To the editor:
Where does the name “Kernwood” come from? The origin of the name is not certain, and why it was chosen as the name of an estate here in Salem, I do not know, but one thing is for sure: Kernwood Street was named for the Kernwood Estate.
Lying on the Danvers River is North Salem land formerly called Horse Pasture Point. Here a magnificent country estate of about 150 acres was established by Col. Francis Peabody.
A gifted entrepreneur in the field of industrial science, this son of Salem merchant Joseph Peabody helped to introduce many practical scientific improvements to industry, including the use of aluminum in dentistry.
On his North Salem land, which he named Kernwood, he built an English-style mansion and landscaped the grounds with a variety of fruit trees and gardens that included a formal Italian garden complete with two marble lions.
According to E. B. Symonds in his publication “Old Northfields,” the colonel also built at this location a huge windmill and carpet factory.
When Col. Peabody died in 1867, he was serving as president of the Essex Institute.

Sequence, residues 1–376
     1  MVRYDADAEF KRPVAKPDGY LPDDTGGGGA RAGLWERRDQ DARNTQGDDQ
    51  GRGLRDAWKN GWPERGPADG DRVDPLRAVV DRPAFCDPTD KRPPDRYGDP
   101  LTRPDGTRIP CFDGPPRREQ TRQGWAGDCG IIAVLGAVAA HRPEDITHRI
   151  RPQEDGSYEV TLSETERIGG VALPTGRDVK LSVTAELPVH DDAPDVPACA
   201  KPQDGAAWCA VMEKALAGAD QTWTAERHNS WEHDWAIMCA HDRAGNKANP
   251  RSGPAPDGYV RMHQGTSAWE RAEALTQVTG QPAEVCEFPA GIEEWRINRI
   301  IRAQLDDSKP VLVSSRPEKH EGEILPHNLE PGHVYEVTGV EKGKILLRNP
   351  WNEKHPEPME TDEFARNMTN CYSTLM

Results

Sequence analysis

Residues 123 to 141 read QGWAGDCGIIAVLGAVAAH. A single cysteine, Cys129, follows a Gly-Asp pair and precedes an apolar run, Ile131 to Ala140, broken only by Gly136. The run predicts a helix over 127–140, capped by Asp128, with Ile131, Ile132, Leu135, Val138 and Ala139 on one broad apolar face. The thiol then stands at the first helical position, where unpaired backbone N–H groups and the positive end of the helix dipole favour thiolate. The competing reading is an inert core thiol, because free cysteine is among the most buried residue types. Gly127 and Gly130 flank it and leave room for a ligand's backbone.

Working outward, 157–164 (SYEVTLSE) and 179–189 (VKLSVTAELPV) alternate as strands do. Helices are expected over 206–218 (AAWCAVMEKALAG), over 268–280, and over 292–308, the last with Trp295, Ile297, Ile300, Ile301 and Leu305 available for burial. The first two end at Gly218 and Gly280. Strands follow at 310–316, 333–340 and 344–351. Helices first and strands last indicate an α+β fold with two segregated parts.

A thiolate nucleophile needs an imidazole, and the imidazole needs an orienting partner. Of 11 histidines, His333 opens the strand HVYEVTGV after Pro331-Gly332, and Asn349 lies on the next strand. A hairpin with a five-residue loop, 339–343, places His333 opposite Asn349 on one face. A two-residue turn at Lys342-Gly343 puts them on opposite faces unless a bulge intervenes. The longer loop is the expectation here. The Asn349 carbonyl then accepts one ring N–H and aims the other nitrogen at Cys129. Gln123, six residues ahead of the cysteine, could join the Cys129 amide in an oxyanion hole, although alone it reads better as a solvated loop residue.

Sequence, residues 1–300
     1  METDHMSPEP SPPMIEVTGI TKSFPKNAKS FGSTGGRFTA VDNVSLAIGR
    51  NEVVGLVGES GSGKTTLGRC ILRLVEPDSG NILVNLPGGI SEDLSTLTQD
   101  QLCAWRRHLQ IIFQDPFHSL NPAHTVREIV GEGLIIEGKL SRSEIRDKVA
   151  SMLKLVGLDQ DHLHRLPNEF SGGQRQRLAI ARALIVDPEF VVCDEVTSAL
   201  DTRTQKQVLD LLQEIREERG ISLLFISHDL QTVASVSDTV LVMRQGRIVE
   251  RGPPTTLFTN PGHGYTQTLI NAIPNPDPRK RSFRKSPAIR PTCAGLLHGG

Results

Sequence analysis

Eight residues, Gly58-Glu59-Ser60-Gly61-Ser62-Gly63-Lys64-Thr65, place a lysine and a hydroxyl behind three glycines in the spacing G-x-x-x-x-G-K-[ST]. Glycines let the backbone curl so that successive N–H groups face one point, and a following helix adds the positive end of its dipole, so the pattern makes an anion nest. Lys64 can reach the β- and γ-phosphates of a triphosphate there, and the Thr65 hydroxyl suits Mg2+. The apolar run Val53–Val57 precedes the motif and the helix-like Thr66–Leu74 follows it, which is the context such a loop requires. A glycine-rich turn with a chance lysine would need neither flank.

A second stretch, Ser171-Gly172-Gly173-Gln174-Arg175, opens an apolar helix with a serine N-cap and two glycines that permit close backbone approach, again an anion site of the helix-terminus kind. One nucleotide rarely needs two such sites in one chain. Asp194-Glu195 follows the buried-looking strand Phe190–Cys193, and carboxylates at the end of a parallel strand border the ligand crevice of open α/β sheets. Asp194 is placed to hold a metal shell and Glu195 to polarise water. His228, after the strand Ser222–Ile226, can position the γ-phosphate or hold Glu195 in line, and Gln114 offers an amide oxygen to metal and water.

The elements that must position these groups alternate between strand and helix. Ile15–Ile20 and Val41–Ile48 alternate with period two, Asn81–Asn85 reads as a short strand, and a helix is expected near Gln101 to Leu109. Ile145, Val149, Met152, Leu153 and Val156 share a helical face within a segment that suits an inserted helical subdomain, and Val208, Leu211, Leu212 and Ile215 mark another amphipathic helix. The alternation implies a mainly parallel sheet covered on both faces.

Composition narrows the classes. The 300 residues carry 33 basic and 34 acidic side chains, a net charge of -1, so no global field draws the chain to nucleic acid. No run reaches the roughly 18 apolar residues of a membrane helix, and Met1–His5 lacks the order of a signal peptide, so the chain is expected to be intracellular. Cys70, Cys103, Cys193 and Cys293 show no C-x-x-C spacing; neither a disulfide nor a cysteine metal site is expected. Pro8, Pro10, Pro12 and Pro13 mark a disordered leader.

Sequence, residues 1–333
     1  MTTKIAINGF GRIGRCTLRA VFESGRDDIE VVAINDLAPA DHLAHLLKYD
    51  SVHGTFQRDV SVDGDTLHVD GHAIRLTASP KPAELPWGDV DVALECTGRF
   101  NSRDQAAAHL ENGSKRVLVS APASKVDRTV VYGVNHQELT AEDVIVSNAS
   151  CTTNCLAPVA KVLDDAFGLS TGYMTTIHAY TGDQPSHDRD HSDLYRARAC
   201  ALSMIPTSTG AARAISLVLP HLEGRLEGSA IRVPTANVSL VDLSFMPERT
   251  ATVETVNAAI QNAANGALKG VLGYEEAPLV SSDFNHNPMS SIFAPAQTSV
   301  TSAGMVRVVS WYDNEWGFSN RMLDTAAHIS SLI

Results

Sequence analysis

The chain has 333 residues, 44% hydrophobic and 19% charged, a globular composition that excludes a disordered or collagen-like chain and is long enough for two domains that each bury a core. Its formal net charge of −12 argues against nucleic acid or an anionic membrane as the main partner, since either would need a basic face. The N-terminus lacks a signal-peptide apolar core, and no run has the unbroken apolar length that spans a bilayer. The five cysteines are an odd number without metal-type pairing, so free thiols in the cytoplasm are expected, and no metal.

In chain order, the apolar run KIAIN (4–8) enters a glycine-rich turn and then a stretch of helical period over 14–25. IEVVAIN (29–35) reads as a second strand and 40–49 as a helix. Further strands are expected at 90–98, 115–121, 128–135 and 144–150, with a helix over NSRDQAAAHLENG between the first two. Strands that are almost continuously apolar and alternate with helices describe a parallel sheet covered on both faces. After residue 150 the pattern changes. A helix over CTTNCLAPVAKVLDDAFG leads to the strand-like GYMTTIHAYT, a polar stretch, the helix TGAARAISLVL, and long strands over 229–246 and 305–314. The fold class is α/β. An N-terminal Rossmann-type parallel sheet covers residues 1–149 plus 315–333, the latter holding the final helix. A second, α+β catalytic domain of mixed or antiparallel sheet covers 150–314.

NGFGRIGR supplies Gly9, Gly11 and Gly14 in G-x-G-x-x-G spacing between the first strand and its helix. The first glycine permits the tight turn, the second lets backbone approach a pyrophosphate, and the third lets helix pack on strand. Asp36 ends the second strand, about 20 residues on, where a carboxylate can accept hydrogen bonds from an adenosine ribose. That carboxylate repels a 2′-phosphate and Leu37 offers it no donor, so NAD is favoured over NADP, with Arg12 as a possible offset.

In 1883, his son, Major Samuel Endicott Peabody, a widely known banker and real estate investor, purchased the family estate, where he lived eight months of each year until his death in 1909.
In 1913, the Salem Pageant was held at Kernwood. It was a fancy event, organized by Miss Caroline Emmerton to raise money for the Seven Gables Settlement House. Costumed actors presented highlights of Salem’s history in scenes. The cast was composed of 1,200 individuals; transportation was prearranged from the center of town to Kernwood; a pageant headquarters was set up in town on Washington Street. The interesting facts of this production are seemingly endless. (The Salem Public Library has a file and copies of the program.)